Did you hear me?
You can trust that.
Is that outside of you?
Or inside of you?
Is that that bigger than you?
Or just you?
It doesn’t matter. That’s not your concern. What matters is that you write. What matters is that you show up and wait to see what shows up to meet you.
I once sat still every day for three months waiting for an inspiration to arrive. Three months. Every day I waited. Still. Silent. I didn’t know if it would come or not. I didn’t have faith that it would come or not. It was my job to sit and wait. It came and I painted again. But I might not have. And that’s not the point – whether I ended up painting again or not – the point is that I knew what my job was. So: I did it.
It doesn’t have to do with faith, Joanne. It has to do with knowing that you’re a Writer. That’s your job. To show up and write. You get inspired. You use words to express it. I got an inspiration. I painted. You write, as truly as possible, to capture that inspiration. I painted to do the same.
Not in a tight way. But in a true way.
There’s math involved. And calculations. And measurements. And elegance. And simplicity. In the form and in the math. It isn’t all soft and mushy. There’s discipline and rigour and study and figuring it out but it is held in a soft hand. Clear. Steady.
I led a disciplined life, some say, like a Zen monk. I don’t know about all of that. I didn’t need much. None of us do. My paintings sold for more than a half a million dollars each. You are surrounded by $3.5 million dollars worth of art. Isn’t that something? How can Lovely Life be worth that much? Yet, should it be worth $20 million or $150 million or $50 bucks for the canvas?
That was not my job so I don’t know anything about those things. I tried to capture inspiration. Life is filled with beauty. Can you see it? Can you touch the beauty in your own life?
You are living too full up right now. Don’t despair. You can change it. One step. Then another. Sometimes I had too much too. It’s okay. Just start changing it each day. It won’t take long.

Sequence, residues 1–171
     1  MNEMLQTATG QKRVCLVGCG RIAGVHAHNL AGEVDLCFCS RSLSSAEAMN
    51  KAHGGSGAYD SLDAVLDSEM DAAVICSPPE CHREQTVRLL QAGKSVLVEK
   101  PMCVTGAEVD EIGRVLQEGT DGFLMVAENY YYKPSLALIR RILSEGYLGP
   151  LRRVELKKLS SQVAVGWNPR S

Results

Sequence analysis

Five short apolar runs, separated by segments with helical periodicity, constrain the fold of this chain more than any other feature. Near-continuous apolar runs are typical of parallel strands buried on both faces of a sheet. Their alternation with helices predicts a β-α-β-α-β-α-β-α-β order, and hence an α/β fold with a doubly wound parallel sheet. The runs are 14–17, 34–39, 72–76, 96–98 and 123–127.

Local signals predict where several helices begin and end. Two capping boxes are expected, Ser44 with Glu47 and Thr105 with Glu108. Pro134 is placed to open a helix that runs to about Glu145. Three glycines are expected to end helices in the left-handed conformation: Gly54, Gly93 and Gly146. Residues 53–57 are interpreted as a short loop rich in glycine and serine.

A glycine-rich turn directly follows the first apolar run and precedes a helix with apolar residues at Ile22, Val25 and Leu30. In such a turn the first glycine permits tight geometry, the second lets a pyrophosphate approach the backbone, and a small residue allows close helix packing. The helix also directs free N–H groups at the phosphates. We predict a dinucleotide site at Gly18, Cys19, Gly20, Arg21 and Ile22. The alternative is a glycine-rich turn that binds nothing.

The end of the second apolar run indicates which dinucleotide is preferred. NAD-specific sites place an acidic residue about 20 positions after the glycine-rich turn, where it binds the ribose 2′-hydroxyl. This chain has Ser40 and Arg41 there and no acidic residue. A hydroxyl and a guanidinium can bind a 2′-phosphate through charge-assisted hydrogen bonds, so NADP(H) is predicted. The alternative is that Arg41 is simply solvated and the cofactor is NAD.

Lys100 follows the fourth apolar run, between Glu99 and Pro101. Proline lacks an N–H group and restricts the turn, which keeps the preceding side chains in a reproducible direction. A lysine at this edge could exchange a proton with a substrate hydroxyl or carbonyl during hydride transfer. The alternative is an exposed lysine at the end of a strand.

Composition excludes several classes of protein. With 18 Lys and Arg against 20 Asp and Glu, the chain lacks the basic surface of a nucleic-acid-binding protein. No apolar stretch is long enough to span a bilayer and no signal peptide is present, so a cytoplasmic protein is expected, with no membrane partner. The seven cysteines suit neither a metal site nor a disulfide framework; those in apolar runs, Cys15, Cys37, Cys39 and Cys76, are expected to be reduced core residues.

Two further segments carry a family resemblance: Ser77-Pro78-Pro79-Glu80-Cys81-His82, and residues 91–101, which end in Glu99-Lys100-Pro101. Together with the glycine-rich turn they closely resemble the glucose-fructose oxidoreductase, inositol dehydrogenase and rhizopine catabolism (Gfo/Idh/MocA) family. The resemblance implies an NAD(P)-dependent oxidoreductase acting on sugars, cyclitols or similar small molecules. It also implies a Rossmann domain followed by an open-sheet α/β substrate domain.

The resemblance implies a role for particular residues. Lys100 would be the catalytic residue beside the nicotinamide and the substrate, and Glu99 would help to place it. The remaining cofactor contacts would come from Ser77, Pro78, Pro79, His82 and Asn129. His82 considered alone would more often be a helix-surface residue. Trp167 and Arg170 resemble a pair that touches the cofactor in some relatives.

Pull out Zen Mind, Beginner’s Mind to remember why you chose this path.
I never stopped painting because I never stopped receiving inspiration. You will never stop writing and listening to music. You and music do have a special bond. It serves you well. And you hear well. Keep listening.
Spend more time in silence.
Walk more. While you can.
And don’t worry so much. It will all go fine because “fine” includes everything – all the stuff we call good or bad. It’s just stuff. It is being human. That’s all. You get to be a human so you get to have the stuff that human beings call good or bad. Don’t worry. You’ll get all the stuff that humans are supposed to get. That’s our true nature.
Let it come. Receive it. And let it pass. Don’t cling to it. The happiness or the sadness. Just notice the inspiration. Both inspire. That’s all.
There is just the living of a life and knowing that is what you are doing. A living of a life. So pay attention.
Top of mountain.
Middle of mountain.
Bottom of mountain.
Doesn’t matter. No need to decide.
The mountain will find you.
Take good care of yourself,
About Agnes Martin, Joanne says: She was Canadian born in Maklin, Saskatchewan on March 22, 1912 and died in December 2004 at the age of 92 in Taos, New Mexico. She lived most of her last decades in Taos painting (or waiting for inspiration) until the end; she was dedicated to capturing the beauty in life.
Agnes said, ‘My paintings are about quiet happiness like the lightness of the morning…I look in my mind and I see composition.’ It is her simple clarity that left such an impression on me. I think that you have to have a really clean relationship with The Mind to paint the way she did. I want to write that way.
About this piece, Joanne says: I was compelled to write a good-bye letter to Agnes that day in the Harwood at the end of a year long Writing Intensive. I asked her if she had anything to tell me. I thought that the response would be to sit in silence for awhile. I was surprised when I immediately drew a line on the page and my pen kept moving as the letter from Agnes emerged. It was calm and clear. I guess there were a few things she wanted me to know. I got out of the way and wrote until she was done. It came and went so easily. I slow-walked back to the zendo at Mabel’s that afternoon and read it aloud during our Reading Group. I was quite shocked. I still am.
About Joanne: Joanne just returned from an August trip to Taos where she got to surprise Agnes with another visit. Kevin Moul stumbled upon Joanne sitting in her usual place on the floor writing and took the photos of her there.
Besides sitting for hours on the floor of an art gallery channelling Agnes, Joanne is the founder of an Integral Coaching® Training School in Ottawa, Canada with her partner and beloved wife, Laura. You can read some of her Perspectives and Articles in the Resources section of their web site at Integral Coaching Canada. She is ruthlessly working on her first book while trying to write more in coffee shops rather than pubs where her libation of choice is a Guinness. She is Irish after all.
-posted on red Ravine, Monday, August 27th, 2007